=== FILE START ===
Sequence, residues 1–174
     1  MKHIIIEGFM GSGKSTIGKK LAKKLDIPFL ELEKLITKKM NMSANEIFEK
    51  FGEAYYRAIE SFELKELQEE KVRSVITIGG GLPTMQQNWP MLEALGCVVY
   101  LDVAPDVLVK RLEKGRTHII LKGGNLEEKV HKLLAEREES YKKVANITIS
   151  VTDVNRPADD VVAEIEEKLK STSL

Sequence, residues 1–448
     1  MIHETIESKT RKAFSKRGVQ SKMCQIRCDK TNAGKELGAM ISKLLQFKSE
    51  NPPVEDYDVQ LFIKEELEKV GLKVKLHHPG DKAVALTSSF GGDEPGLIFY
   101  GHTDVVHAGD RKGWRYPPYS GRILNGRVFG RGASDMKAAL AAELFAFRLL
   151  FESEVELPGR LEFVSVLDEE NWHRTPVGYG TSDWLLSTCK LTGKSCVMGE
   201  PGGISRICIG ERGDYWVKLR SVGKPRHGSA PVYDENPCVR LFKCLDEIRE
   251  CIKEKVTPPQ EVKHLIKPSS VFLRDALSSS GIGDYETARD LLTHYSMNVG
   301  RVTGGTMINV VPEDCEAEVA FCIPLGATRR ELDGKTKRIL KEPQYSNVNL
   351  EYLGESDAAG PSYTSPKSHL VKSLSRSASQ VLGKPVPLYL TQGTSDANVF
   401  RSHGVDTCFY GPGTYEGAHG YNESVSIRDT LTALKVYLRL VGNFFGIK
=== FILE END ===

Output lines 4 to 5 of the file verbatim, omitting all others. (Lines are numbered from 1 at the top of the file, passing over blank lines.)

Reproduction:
   101  LDVAPDVLVK RLEKGRTHII LKGGNLEEKV HKLLAEREES YKKVANITIS
   151  VTDVNRPADD VVAEIEEKLK STSL